WILKINS - Wilkins / & SOCIETY / February 2004 GENDERPUERTO...

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10.1 7 /0891243203259505 Wilkins / PUERTO RICAN WAN ABES PUERTO RICAN WANNABES Sexual Spectacle and the Marking of Race, Class, and Gender Boundaries AMY C. WILKINS University of Massachusetts–Amherst The “Puerto Rican wannabe” is one contemporary, local expression of contested racial identities— identities that are also inflected with class and gender meanings. This study uses interviews with local youth and young adults to explore their use of the caricature of the wannabe to create and contest race, class, and gender boundaries. The wannabe’s challenge to racially designated categories provides a symbol onto which nonwannabe kids project their own stereotypes, anxieties, and desires. The stories told about the wannabe in this study reveal both the persistence and the fragility of race, class, and gen- der identities and underline the centrality of sexuality in bolstering and undermining them. Boundary negotiations in one category rely on and affect other categories: In this study, the contestation of racial boundaries reestablishes heteronormative and hierarchical gender relations. Keywords: gender; race; class; sexuality; youth culture T he “Puerto Rican wannabe” is a caricature of racial, class, and gender inauthen- ticity drawn by “authentic” white, Puerto Rican, and Black kids. In this study, I interviewed both wannabes and nonwannabes to explore the symbol of the wannabe in the ongoing construction of race, class, and gender categories. By chal- lenging the boundaries of racially designated, but also classed and gendered, cate- gories, the wannabe provides a symbol onto which other young people project their own stereotypes, anxieties, and desires. While wannabes have their own stories to tell, these stories should not be read as the truth but instead as another version of the negotiation of ethnic, class, and gender meanings. Together, these stories unveil the persistence and the fragility of ethnic, class, and gender identities and underline the centrality of sexuality in both bolstering and undermining them. “Puerto Rican wannabe” is a label applied to a particular kind of white girl in a particular geographical context and a particular historical moment. While her label might be local, her iconography is not. She is seen across the United States in ado- lescent and now young adult cultural lore, popping up frequently as a “wigger”—a 103 REPRINT REQUESTS: Amy C. Wilkins, Department of Sociology, Thompson Hall, University of Mas- sachusetts, Amherst, MA 01003. DOI: 10.1177/0891243203259505 © 2004 Sociologists for Women in Society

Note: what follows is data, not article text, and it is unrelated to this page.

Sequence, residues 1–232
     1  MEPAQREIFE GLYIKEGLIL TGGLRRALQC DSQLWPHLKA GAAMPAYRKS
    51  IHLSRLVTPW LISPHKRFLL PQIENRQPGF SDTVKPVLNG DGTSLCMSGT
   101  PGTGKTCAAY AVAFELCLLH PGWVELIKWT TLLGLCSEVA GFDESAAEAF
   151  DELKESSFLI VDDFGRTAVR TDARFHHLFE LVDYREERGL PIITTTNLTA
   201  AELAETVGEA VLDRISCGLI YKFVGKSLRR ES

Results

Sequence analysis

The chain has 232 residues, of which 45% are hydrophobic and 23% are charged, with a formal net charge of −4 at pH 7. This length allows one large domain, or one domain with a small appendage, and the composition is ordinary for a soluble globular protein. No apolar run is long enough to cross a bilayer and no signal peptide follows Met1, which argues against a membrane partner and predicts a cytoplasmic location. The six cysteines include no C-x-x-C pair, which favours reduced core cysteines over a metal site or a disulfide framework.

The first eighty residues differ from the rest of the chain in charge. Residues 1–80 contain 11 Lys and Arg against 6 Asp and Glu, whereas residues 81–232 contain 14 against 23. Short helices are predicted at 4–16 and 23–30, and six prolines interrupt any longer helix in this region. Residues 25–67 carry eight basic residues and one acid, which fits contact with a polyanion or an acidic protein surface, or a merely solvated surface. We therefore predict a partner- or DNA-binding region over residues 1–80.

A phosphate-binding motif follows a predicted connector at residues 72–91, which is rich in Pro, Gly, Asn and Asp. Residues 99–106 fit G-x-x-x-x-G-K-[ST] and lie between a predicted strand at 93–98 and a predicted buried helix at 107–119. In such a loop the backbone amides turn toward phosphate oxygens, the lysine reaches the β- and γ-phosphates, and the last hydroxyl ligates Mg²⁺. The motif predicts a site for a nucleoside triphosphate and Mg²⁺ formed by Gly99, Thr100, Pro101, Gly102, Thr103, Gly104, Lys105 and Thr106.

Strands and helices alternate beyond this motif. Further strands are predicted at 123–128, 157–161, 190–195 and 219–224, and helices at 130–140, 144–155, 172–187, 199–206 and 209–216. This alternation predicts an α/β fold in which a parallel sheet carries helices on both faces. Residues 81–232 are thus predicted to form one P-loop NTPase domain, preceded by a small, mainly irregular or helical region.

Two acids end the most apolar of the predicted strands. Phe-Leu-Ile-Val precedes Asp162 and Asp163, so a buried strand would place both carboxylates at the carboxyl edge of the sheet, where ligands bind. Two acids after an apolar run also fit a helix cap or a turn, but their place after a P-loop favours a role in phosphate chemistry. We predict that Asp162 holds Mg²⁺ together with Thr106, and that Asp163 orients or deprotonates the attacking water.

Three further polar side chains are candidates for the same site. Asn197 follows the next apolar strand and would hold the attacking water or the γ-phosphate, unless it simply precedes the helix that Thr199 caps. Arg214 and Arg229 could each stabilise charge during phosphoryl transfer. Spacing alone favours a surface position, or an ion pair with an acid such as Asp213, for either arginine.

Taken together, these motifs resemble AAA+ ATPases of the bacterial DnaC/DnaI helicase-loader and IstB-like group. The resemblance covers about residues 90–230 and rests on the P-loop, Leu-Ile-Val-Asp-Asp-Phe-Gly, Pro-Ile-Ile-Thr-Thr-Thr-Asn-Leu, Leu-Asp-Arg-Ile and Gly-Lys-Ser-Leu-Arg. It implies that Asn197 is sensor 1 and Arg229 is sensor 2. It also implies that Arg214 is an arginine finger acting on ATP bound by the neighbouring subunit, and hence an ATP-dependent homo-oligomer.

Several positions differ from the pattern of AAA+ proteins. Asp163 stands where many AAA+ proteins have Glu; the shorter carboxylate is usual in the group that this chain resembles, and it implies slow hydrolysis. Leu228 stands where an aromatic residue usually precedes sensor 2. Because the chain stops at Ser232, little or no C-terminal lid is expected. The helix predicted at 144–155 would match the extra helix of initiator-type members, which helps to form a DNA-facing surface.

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“white nigger.” Like the wigger, the stereotypical Puerto Rican wannabe rejects white middle-class cultural style, adopting an urban presentation of self associated with people of color. She wears hip-hop clothes and Puerto Rican hairstyles, drinks malt liquor, and smokes Newports. She adopts an attitude, acting tough and engag-
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This note was uploaded on 09/14/2009 for the course SOC 302 taught by Professor Langenkamp during the Fall '08 term at University of Texas.

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WILKINS - Wilkins / & SOCIETY / February 2004 GENDERPUERTO...

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